By Brian Grissom
It was still dark outside and the coffee had just finished brewing. My weekend ritual of putting on my running clothes, getting a cup of coffee and then sitting on the couch was in full swing. 10 years ago I used to be able to roll out of bed, put on my shoes and hit the trails without a thought to things like “stretching” or “warming up”. But it’s different now, and the couch plays a big role. I only sit for a few minutes. Once the coffee hits the system, I’m awake and head out into the pre dawn. But it’s those few minutes on the couch that can sometimes make the difference.
I think I’m like most people. When I have a few minutes of downtime, my first thought is to open up my phone and get some thumb exercising in. Part of that rhythm is going to your favorite platform to...I don’t know...see what’s up? I’m a runner, so most of the people that I follow are also runners. I love the sport and love keeping up with races locally and internationally. So most days when I look at images, it’s beautiful vistas accompanied by impeccably in shape athletes. Their strides...perfect. Their kit...on point. Their physique...every runner's dream. And,while some of the time I can appreciate the image for what it is, there are other times that, well, I can’t. As I open the door and start my morning shuffle those images that are meant to inspire can do quite the opposite.
Someone asks me recently if I thought that men had the same body image issues as women and I replied, rather quickly, “I don’t think so.” But the times that I spout off an answer so quickly, it’s either because I’ve thought about it a lot or, I haven’t at all. In this instance, it was the latter. Also, just a quick reflection of my last weekend's run could have told me otherwise. So I started digging, and what I found was eye opening.
According to a recent study, “95% of college age men are dissatisfied with their bodies on some level” (Daniel & Bridges 2013). Another study suggests that “over 90% of men struggle in some way with body dissatisfaction and negative affect and emotions towards one’s body” (Castonguay et al. 2014). I’m no mathematician...but that’s a lot. When I see numbers that high I instinctively reflect on my experience. Am I part of the 90%? If so, what is fueling that negativity? And most importantly, why haven’t I ever felt the need to talk about this if I’ve felt this way?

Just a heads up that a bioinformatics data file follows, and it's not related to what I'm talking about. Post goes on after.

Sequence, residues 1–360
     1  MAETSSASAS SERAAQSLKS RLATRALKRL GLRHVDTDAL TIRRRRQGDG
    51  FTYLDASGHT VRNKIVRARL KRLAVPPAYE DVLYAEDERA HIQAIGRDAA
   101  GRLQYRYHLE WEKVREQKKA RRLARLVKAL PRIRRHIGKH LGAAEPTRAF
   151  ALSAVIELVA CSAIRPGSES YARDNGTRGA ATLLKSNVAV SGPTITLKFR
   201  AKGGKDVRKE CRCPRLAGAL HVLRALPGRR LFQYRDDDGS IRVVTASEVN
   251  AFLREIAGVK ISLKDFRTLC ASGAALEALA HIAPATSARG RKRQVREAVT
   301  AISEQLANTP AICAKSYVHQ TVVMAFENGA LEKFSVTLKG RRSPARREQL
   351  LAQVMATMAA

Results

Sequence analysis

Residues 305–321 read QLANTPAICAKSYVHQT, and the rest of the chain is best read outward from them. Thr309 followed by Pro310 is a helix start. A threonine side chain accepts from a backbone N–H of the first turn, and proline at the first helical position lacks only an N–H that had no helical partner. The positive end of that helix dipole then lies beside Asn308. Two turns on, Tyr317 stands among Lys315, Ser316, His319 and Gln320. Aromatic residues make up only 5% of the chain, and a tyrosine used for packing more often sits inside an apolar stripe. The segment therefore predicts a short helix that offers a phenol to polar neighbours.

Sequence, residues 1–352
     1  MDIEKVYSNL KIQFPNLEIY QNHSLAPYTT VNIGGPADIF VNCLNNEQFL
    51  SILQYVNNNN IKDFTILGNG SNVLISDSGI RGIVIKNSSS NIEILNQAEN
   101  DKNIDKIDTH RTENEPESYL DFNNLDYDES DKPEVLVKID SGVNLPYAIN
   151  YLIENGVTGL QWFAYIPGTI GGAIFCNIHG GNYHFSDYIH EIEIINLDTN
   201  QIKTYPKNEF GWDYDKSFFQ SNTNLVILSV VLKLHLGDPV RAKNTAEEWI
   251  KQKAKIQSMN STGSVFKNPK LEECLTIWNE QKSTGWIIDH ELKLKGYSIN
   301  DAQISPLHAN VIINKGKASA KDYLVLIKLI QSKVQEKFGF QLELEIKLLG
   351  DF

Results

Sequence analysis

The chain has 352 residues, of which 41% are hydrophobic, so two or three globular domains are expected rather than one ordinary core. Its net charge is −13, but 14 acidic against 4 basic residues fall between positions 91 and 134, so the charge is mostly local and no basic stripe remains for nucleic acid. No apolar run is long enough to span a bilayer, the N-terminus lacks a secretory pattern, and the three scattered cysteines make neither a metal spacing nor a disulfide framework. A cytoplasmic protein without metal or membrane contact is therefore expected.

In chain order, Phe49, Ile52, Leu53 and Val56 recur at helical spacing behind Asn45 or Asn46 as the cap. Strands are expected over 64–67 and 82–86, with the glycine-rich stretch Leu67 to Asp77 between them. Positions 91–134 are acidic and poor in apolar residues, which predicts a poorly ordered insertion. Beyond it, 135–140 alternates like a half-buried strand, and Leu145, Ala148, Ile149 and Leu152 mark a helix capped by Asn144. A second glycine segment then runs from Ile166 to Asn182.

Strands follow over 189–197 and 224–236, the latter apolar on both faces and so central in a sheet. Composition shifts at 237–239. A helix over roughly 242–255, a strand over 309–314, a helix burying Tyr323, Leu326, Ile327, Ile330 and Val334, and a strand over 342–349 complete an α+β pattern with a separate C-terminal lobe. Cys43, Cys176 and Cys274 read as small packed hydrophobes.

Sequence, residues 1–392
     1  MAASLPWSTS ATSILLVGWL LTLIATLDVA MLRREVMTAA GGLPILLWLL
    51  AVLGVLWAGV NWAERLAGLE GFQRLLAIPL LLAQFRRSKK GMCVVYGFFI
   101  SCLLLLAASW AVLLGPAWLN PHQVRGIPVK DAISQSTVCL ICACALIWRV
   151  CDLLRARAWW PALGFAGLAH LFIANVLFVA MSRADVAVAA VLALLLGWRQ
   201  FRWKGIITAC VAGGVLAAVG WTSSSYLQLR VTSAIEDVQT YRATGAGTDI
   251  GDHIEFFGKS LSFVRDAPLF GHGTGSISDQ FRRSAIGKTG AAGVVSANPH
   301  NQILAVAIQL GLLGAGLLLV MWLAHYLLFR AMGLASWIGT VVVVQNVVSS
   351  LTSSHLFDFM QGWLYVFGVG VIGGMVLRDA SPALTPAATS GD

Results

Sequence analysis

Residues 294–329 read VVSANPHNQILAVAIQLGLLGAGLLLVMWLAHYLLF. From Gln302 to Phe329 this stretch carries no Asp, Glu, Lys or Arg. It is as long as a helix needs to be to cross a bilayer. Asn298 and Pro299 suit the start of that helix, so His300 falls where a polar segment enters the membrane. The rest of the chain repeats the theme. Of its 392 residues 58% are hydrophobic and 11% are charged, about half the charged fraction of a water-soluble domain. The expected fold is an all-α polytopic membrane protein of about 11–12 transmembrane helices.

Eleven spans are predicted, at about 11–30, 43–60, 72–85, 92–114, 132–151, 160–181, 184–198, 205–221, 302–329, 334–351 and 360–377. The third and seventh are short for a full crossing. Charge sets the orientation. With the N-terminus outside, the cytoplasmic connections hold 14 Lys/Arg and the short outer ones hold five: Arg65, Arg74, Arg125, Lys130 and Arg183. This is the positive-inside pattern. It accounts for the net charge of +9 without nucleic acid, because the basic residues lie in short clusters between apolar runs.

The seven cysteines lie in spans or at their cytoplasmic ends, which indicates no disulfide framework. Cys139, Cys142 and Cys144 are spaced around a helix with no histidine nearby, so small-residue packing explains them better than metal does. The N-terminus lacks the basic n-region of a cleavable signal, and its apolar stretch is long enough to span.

If I’m honest, just reading those statistics gave me a sense of freedom. I’ve never struggled with an eating disorder, but I know men who have. That said, I’m not sure you have to have an eating disorder to suffer the effects of negative body image. Because body image can be a voice that we’ve become so accustomed to listening to, we can forget that it’s a negative voice.
The trail running community is a beautiful mix of people. That’s one of the reasons why I love it so much. When I completed my first 100 miler, I ran with all kinds of people from all walks of life and all looked completely different. It was amazing. But just like any community, it’s so easy to compare ourselves. Whether that be wishing you were 10lbs lighter to wishing you were 10 years younger to wishing that your knees didn’t pop so much (I’m totally speaking from experience). But it’s what the comparison can do overtime that can lead to unhealthy choices and toxic thoughts about our bodies. Teddy Roosevelt said it perfectly, “Comparison is the thief of joy” and isn’t joy one of the feelings we long for when we run in nature? Joy is the manifestation of what a healthy body and healthy community look and feel like. Joy isn’t just a happy face, it’s a deep peace and full understanding of where we are in the moment and the gift of life we have.
This even connects with nature. Think about this for a second. Nature is infinitely honest. It can only be what it is at that moment and in that season. Maybe that’s why we all love running in it so much. It constantly reminds us what honesty looks like. It reminds us that we have an infinite amount of possible versions of ourselves, but today we look like this. It doesn’t mean we’ll always look like this and that’s not a bad thing. But in order to get from one version of ourselves to the other, we have to be honest with ourselves...now. That’s the heart behind this. Honesty. Just because male body image isn’t talked about doesn’t mean it doesn't exist and as a trail running community this dialogue is vital because our body types are so diverse. Because the more honest we are with one another the more healthy we can become and as we become a healthier community, joy is bound to follow.